SUNUNU: No. It worries me about our unwillingness to really address reforms and modernization in Medicare. This thing was designed 37 years ago. It has not evolved to keep pace with current medical technology, delivery systems, health care systems. Ask any nurse, any physician. They're frustrated with the system.

And in New Hampshire especially, because we haven't funded the Medicare Choice part of the program, you have those managed care companies leaving. It's wrong. That's why reforms, modernization along the lines that we passed in the House are so important.

HUNT: We're going to have to take a break now. But when we come back, we'll have the Big Question for Congressman John Sununu.


HUNT: And now the Big Question for John Sununu.

Congressman, could you give us just one example of a position you've taken during this campaign that would ask Americans, ask New Hampshire voters to make a real sacrifice?

SUNUNU: To make a sacrifice?

HUNT: Yes, sir.

SUNUNU: Well, look, I think anytime we ask them to put national security ahead of a lot of domestic issues, we're asking them to step up and make a sacrifice. Issues that they may think are important here in Washington, and we talked about some of them, I think all of them have to take a slight back seat to the importance of investing in homeland security, waging the war against terrorism overseas, and of course, ensuring that we strengthen aviation security and give the men and women in the armed services what they need to do the job. That's never easy, it's never an easy political sell, but it's important to the country.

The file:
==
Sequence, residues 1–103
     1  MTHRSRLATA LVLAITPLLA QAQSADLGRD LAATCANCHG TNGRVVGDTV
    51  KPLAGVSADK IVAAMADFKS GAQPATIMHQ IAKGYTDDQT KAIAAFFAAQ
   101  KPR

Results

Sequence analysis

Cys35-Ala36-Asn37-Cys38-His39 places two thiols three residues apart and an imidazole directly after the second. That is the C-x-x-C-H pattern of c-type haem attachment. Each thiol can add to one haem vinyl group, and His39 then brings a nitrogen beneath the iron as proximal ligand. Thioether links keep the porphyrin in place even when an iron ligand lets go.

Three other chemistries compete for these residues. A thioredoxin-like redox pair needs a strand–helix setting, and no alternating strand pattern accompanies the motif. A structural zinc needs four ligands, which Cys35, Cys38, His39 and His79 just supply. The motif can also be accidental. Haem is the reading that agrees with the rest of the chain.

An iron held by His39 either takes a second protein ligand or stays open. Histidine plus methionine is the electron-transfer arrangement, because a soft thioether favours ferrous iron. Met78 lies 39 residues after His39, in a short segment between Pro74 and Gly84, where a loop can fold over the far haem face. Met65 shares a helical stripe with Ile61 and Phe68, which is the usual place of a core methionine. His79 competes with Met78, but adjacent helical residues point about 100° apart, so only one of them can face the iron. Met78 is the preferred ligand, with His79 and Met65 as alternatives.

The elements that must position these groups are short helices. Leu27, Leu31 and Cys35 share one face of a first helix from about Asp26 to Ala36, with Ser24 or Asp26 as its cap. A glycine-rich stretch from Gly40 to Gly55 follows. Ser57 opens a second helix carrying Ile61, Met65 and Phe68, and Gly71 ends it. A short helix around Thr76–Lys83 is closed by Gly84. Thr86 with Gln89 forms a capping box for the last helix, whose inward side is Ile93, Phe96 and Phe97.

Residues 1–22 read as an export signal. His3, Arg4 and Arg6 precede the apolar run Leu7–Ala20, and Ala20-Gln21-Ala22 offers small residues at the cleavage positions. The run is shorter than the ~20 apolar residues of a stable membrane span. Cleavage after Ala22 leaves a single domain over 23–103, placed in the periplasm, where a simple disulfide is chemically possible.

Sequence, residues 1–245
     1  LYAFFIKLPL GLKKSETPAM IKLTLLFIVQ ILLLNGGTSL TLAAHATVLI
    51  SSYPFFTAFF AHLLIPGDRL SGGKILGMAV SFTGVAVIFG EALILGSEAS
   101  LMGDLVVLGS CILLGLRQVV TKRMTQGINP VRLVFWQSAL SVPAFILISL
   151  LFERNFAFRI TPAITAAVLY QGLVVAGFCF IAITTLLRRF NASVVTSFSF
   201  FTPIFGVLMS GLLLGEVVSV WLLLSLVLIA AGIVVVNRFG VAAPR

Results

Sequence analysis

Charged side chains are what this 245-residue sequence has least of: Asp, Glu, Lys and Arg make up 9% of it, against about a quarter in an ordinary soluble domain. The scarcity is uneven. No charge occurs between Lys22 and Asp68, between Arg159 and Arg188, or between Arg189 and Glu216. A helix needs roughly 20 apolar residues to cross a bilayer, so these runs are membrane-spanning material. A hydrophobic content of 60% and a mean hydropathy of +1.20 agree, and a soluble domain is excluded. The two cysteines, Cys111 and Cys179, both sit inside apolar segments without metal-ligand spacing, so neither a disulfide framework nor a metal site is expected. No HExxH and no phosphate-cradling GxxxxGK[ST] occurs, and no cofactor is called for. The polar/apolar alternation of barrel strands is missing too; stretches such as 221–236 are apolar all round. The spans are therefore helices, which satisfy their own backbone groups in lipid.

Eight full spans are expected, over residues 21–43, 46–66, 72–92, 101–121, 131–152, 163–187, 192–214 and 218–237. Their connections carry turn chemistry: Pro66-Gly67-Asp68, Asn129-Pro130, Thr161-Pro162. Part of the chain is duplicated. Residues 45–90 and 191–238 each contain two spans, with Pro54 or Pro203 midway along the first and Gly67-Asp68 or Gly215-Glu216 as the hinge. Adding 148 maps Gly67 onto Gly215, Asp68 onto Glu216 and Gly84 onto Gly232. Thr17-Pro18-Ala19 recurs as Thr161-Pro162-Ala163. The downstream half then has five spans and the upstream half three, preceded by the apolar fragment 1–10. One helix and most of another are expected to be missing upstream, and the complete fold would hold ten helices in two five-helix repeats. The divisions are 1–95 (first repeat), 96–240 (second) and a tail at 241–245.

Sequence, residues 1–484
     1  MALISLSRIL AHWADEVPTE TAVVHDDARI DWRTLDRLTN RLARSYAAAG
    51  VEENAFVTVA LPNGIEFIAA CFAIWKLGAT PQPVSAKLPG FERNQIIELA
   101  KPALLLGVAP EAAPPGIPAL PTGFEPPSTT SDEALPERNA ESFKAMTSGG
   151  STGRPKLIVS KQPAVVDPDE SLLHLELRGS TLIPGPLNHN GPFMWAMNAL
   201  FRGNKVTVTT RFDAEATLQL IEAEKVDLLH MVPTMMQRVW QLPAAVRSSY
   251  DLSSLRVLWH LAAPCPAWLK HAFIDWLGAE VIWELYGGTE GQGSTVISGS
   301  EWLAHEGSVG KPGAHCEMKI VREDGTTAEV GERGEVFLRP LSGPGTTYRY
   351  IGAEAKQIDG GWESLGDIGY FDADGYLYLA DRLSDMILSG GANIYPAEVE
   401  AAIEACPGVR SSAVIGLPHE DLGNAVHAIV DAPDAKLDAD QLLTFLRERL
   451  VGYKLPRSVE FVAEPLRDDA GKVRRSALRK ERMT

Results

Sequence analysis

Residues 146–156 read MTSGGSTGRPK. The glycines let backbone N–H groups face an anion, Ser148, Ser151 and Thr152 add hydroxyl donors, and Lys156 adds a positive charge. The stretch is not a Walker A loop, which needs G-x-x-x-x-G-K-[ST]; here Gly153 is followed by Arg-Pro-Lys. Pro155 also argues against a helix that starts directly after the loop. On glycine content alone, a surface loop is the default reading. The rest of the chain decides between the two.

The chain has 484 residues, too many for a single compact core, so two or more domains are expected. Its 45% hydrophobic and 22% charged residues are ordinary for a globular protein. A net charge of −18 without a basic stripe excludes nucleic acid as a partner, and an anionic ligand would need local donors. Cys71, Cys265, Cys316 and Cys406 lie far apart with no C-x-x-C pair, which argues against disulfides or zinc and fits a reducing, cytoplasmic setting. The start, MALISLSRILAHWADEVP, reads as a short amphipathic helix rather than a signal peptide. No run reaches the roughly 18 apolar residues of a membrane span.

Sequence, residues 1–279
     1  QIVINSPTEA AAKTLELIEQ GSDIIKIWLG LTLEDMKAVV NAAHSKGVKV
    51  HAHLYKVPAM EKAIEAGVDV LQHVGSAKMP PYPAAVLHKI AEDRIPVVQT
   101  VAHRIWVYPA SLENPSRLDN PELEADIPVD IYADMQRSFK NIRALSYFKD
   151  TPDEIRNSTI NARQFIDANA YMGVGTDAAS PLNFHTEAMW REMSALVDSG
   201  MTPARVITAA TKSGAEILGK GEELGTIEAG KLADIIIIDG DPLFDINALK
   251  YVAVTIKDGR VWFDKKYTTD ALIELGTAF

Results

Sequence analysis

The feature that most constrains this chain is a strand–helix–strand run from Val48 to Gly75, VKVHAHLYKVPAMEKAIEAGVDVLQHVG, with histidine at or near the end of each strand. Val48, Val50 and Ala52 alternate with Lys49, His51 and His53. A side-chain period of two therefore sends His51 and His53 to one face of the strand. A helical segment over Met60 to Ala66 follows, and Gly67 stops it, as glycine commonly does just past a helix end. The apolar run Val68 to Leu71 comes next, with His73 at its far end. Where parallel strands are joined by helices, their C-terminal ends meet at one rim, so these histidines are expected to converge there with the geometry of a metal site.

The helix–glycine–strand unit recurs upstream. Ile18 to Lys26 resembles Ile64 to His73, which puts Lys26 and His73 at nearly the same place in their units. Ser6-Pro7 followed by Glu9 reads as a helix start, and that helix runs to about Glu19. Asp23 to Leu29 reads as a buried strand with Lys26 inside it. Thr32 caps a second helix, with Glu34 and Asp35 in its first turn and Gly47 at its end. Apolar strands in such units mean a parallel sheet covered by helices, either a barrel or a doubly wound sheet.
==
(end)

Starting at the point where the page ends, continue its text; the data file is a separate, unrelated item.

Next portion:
NOVAK: Congressman Sununu, can you envision one issue that as a United States senator you would not be with the Republican majority on? The Republican party line on?

SUNUNU: Sure. Look, I've consistently opposed the party, unfortunately, the party leadership on agriculture subsidies to begin with. I was a conferee to that committee, I refused to sign the conference report. I've supported tougher restrictions for air standards that deal with ozone transport from the Midwest. It's an issue that affects, not just the Northeast part of the United States, but air pollution standards around the country as well. I think both of those are important.

And of course, I have supported, because of the importance to personal freedom, allowing people to travel to Cuba, even though our House leadership has been resolute in their opposition to that. I think it's a question of personal freedom, and I'm willing to take that stand.

NOVAK: John Sununu, thank you for joining us.

I'm Robert Novak.

HUNT: And I'm Al Hunt.

NOVAK: Coming up at 7 p.m. Eastern on "CAPITAL GANG," the president asked for a blank check from Congress on Iraq, the Capitol Hill investigation into the 9/11 attacks, and looking ahead to the hot Missouri Senate race.

HUNT: That's all for now, thanks for joining us.